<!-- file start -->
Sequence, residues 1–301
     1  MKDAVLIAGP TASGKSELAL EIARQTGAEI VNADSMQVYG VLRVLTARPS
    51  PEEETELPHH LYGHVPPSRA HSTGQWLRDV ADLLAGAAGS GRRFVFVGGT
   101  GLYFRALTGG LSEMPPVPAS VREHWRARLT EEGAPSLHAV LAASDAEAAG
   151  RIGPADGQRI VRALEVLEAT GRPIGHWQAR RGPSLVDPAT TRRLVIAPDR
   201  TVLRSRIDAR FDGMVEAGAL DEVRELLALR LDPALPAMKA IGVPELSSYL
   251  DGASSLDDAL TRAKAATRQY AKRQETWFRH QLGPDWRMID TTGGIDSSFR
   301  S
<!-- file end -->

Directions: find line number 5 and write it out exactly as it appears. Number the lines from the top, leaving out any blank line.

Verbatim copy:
   151  RIGPADGQRI VRALEVLEAT GRPIGHWQAR RGPSLVDPAT TRRLVIAPDR